The Coburn Mystery: Chapter 57

By June Morrall

1893, the year of a “financial panic,” centered in the big cities.

In January, respected Pescadero pioneer Alexander Moore traveled to the state capitol in Sacramento to lend his last minute support for passage of the controversial Pebble Beach legislation, Assembly Bill 103. His presence was worth the trip; the so-called “Pebble Beach bill” passed the legislature unanimously, adding it to the county park system.

Loren Coburn had claimed the beach, and all of its shiny pebbles, but he was not in Sacramento to fight for it.

Why was that?

Apparently, an incomplete piece of legislation had been passed. Yes, the beach was now officially a public park—but the road, Coburn’s road, leading to the beach WAS NOT. There was no provision for a road or path or trail for people to use to get to the beach.

That problem would be dealt with later. In Pescadero there was much rejoicing. A “Grand Picnic” was planned for April, including San Mateo and Santa Cruz Assemblymen James O’Keefe and Bart Burke. The festivities closed with a “Grand Hop” at the Union Hall.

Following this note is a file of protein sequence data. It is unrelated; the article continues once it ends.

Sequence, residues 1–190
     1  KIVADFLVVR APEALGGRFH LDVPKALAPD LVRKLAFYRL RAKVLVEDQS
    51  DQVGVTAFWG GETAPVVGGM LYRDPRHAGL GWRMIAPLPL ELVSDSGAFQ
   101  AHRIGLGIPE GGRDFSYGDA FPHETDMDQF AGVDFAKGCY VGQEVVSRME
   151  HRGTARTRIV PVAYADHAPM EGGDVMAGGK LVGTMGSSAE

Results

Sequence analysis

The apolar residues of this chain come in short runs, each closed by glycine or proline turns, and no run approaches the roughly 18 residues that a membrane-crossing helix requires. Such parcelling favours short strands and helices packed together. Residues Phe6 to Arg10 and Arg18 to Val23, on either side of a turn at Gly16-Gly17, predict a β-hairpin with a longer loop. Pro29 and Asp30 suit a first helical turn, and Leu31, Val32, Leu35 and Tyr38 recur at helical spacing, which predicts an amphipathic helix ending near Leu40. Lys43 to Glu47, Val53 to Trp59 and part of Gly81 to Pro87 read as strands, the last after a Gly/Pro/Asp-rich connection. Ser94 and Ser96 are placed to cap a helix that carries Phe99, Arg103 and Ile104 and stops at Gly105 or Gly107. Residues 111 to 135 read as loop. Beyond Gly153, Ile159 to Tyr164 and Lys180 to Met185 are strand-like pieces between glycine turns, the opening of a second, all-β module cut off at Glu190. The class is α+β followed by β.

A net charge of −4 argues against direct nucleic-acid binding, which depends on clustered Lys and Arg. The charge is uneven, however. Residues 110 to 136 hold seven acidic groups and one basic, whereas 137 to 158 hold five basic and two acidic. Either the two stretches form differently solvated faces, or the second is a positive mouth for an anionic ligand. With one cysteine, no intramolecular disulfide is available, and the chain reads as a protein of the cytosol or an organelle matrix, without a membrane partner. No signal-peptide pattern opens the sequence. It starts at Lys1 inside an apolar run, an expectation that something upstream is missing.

Everyone had so much fun, there was another big picnic scheduled for May, a “seashore banquet,” if you will,. Assemblymen O’Keefe and Burke were guests of honor.

When the time came,  Pescadero’s Dr. McCracken rose to speak:

“Ladies and Gentlemen,” he said, “today in Chicago the greatest fair and exhibit in the history of the world has been dedicated to the people….we are here to celebrate an important event to the people of this county, the dedication to the people of beautiful Pebble Beach. For over a year the people have been battling for their rights, and it had come to the time when they were to be protected in them. We have with us two gentlemen to whom, for this, we owe much., and will now take pleasure in presenting each with a charm made from a pebble from the beach as a slight token of the regard the people of Pescadero hold of their friends. As we love Pebble Beach so we hold in remembrance those who so valiantly assisted in the passage of Assembly Bill 103.”


(Image at the top of the story: 1893 minted in San Francisco Morgan Silver Dollar. Only 100,000 were struck, making this coin the rarest Morgan Silver Dollar.)

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